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Thread: Flush mount sinks

  1. #1
    DIY Junior Member
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    Default Flush mount sinks

    Is it okay to use a flush mount sink with a solid granite countertop?
    The granite installer is afraid water will seep between the granite and the sink and rot the cabinets. Do they make a moisture bearer that we can lay down that will work with granite?

  2. #2
    Plumbing Contractor srdenny's Avatar
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    Listen to your granite installer. Undermount works best. And they look good as well.

  3. #3
    Plumber jimbo's Avatar
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    Any kind of sink is appropriate....drop in, rim mount, or undermount. Undermount would be the preferred with granite. No matter what the countertop material is, the sink should and can be installed so water does not leak under.

  4. #4
    DIY Junior Member Sherm2005g's Avatar
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    Does changing from an overmount sink to an undermount sink affect re-attaching the drain pipe? New sink is 1" deeper, plus lower placement.

  5. #5
    Journeyman Plumber jdgoodman's Avatar
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    Silicone!!!

  6. #6
    Retired Defense Industry Engineer jadnashua's Avatar
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    If you go with an undermount (my preference), it is likely to cost you a fair amount of money. The cutout of the counter if prepared for a drop-in sink will not be the same as it would be for an undermount. It might end up costing huge money to cut and polish it. WHen they do it in the shop, it cost me $350 for the sink cutout with polished edges - a hole for a drop-in won't be polished and may be shaped differently than an undermount. After the fact, it could be really messy and you might need to just throw away the slab and start over.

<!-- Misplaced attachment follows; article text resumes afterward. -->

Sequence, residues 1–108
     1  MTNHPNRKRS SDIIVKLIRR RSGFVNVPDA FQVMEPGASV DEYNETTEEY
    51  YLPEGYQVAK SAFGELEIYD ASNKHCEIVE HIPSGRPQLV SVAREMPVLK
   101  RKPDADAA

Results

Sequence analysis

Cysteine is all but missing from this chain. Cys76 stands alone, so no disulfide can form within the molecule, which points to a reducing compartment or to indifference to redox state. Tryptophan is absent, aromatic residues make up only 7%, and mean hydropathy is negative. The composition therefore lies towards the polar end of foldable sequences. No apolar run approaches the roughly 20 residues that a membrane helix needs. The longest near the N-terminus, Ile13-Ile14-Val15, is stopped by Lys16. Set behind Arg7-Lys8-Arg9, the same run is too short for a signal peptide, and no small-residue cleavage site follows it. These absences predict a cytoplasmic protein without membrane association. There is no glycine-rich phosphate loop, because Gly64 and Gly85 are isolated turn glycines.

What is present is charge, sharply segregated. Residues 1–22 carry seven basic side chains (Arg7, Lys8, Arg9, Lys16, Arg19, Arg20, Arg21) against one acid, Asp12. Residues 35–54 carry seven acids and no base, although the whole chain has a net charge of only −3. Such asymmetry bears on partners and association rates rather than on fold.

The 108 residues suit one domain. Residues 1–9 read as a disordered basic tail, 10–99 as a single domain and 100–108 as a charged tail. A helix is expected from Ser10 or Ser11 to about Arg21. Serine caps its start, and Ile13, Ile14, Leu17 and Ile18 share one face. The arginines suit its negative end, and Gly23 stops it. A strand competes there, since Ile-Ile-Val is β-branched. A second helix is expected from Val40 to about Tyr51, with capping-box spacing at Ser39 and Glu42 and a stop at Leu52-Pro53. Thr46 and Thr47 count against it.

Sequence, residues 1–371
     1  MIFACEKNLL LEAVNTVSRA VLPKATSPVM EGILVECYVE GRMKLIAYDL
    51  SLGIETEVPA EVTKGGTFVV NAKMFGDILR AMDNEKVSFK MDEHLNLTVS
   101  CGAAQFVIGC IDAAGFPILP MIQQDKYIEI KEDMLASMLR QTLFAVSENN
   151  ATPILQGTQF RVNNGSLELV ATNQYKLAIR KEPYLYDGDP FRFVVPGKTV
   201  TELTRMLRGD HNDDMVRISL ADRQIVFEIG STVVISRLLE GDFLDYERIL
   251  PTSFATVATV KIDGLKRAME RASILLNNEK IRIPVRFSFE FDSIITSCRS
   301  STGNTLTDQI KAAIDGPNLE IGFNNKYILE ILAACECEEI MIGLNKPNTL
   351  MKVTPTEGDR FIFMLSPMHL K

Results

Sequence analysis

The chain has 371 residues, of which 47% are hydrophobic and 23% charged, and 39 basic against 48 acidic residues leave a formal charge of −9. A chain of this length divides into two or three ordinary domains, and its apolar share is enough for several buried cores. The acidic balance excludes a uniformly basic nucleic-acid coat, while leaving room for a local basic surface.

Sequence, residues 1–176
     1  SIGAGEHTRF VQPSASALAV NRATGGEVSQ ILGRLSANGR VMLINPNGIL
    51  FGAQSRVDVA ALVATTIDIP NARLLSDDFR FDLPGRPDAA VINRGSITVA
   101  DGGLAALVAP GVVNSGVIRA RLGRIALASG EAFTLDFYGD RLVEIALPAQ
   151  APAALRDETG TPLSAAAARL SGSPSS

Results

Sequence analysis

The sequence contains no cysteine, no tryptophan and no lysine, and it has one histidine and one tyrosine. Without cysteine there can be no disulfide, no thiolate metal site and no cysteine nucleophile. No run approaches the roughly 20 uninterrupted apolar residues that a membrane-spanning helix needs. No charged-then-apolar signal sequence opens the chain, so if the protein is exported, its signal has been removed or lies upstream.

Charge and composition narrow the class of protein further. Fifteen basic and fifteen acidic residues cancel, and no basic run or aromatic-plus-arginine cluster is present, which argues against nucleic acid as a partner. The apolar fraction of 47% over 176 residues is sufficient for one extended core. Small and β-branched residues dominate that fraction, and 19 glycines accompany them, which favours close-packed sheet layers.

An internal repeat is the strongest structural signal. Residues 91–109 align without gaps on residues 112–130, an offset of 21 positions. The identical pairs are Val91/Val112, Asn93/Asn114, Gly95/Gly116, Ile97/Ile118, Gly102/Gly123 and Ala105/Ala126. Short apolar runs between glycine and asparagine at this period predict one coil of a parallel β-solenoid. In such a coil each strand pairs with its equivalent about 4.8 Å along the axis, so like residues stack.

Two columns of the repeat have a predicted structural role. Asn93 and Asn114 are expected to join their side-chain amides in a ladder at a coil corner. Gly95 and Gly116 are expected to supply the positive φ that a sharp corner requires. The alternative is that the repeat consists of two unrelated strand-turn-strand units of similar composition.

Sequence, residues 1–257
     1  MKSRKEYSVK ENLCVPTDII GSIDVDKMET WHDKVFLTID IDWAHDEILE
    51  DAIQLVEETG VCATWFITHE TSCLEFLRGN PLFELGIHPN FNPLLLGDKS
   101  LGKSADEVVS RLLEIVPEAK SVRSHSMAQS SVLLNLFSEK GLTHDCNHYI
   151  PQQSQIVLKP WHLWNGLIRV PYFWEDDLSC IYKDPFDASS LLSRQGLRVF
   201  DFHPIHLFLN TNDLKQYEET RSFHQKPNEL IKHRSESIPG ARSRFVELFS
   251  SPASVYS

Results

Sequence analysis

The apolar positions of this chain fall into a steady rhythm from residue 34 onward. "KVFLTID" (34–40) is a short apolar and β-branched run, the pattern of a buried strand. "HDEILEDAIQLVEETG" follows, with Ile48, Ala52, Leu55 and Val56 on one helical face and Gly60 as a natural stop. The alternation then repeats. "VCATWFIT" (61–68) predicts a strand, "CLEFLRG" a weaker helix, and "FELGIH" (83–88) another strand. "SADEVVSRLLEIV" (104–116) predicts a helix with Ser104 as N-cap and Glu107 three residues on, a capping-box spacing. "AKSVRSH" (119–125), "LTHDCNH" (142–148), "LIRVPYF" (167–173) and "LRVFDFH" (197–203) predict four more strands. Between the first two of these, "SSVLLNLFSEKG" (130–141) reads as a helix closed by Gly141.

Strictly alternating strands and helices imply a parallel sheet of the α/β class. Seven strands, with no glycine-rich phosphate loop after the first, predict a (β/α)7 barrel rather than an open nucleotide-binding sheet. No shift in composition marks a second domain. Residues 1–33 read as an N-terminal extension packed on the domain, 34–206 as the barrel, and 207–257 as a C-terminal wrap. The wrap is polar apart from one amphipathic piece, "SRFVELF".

You need to be careful as some silicon combined with some stone can stain, but they should be able to recommend one that will work in your situation. I wouldn't be worried about water leaking and ruining the cabinets...how often do you have a lot of water on top of the counter? You'd want a tray if you air dried dishes, but other than that, it would be a rarity to have liquids there.

    I find it much nicer without the lip on the sink. It is much easier to brush crumbs and crud into the sink when it doesn't have a lip.
    Jim DeBruycker
    Important note - I'm not a pro
    Retired Defense Industry Engineer; Schluter 2.5-day Workshop Completed 2013, 2014

  7. #7
    Moderator & Master Plumber hj's Avatar
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    What do you mean by "flush mount"? That would usually describe a sink with a metal rim around it. Sealing a "drop in" sink is EXACTLY the same as sealing an undermount one, in fact easier because you do not have to worry about the sink being filled with water above the caulked seam.

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